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Gender + Sexuality

The Backlash Against Women in Politics

MLA Shannon Phillips is just the latest victim of harassment and disinformation.

Lisa Young 12 Jun 2024The Tyee

Lisa Young is a professor of political science at the University of Calgary. Her newsletter on Alberta politics is What Now?!? on Substack.

I spent a good chunk of my academic career studying women in politics — the barriers that keep women from running for office and from winning party nominations, and the impact they might have once they are elected.

Those were optimistic times: barriers would be eliminated, women would take their rightful place in political life and public policy would be better.

What I — and others — didn’t see coming was the backlash that these women would experience. The study of women in politics now is less about understanding the intricacies of nomination contests and more about documenting and theorizing the gender-based violence women in politics experience.

This affects women across the political spectrum but is particularly intense for those who have the audacity not just to be women in positions of authority, but also to challenge the status quo.

It’s not a coincidence, I suspect, that both Catherine McKenna, the former environment minister in the Justin Trudeau government, and Shannon Phillips, the former Alberta environment minister in the Rachel Notley government, have decided to leave the political arena after years of harassment and threats of violence to them and their families.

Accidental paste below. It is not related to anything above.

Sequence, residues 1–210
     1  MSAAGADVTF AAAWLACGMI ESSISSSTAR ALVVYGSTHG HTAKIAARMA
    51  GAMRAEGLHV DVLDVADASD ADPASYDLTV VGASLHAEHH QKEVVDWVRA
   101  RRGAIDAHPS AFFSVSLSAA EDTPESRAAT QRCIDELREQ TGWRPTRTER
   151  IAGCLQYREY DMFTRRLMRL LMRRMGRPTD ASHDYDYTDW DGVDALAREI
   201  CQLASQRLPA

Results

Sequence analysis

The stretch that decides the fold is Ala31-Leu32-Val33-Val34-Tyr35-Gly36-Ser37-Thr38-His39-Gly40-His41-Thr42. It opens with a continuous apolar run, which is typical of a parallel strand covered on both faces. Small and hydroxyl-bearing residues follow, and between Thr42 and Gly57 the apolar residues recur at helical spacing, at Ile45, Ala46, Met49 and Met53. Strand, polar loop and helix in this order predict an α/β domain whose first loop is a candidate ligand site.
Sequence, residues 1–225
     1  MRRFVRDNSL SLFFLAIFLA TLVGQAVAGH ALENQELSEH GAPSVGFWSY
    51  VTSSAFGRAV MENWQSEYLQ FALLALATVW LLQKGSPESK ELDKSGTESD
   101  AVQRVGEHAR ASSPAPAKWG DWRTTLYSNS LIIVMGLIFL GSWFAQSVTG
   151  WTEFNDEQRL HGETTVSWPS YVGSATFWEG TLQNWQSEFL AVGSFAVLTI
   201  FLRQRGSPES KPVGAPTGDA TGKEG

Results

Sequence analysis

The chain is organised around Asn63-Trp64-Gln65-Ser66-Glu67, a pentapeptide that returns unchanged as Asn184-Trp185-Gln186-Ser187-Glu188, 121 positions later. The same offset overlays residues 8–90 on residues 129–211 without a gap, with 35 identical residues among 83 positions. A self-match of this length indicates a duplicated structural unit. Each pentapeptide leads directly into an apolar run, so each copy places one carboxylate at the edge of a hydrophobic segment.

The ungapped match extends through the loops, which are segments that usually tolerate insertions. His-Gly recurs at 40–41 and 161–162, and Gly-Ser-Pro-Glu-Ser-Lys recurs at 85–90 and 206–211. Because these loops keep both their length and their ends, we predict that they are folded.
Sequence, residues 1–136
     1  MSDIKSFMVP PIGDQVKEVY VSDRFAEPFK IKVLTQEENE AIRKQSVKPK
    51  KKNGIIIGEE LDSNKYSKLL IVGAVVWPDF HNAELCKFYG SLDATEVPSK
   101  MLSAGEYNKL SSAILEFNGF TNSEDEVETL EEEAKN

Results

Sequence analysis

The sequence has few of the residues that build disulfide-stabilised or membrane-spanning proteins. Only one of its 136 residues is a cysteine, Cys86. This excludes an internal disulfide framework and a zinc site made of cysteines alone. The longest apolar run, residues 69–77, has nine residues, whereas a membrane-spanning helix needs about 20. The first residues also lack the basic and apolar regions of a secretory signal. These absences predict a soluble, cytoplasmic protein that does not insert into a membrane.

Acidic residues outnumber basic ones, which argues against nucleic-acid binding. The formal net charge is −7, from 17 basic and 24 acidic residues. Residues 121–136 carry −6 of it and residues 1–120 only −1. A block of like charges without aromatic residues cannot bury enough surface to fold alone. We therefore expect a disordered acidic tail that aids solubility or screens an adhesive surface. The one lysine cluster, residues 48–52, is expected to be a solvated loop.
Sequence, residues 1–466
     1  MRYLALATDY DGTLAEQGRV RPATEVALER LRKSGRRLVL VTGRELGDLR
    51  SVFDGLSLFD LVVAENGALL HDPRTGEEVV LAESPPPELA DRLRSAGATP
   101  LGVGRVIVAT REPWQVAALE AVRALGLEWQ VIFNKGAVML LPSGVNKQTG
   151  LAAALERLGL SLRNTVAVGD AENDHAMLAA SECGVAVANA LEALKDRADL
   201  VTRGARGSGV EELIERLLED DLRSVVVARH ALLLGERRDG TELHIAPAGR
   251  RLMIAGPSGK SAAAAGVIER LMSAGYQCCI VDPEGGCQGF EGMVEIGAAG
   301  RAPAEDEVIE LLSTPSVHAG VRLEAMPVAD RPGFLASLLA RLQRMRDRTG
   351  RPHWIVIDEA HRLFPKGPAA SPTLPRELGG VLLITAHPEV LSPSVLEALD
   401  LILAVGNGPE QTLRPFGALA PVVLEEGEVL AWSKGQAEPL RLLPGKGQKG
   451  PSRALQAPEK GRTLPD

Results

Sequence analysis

Girls and women are socialized to play by the rules. We’re offered an implicit deal that if we do what we are supposed to do, the system will reward us, or at least look out for us.

Phillips isn’t the first woman to discover that the system doesn’t share that understanding. But I can’t imagine a clearer message from the system that “you’re on your own” than the decision of Crown prosecutors not to pursue charges against the Lethbridge police officers who surveilled her.

Ask any woman who has been in a position of authority or visibility if they have an experience of the system shrugging its shoulders and reassuring them that they probably aren’t at risk of physical violence from that creepy cyber-stalker/emailer/disgruntled former employee. They’ll have one. Or more.

And so, Phillips has done the only reasonable thing she could do under the circumstances: leave politics and step out of the public eye. It’s Alberta’s loss that her talent and experience won’t be in the legislature anymore.

And it’s a win for the guys who harass and intimidate. As long as the system lets them get away with it, they will keep winning.

Who will be next? My best guess is Calgary Mayor Jyoti Gondek. The vitriol she is experiencing on social media, egged on by the columnists, would be difficult to tolerate.

To Shannon Phillips: thank you for your service. You’ve contributed a lot to your province and your party. And you deserved better treatment than you got.  [Tyee]

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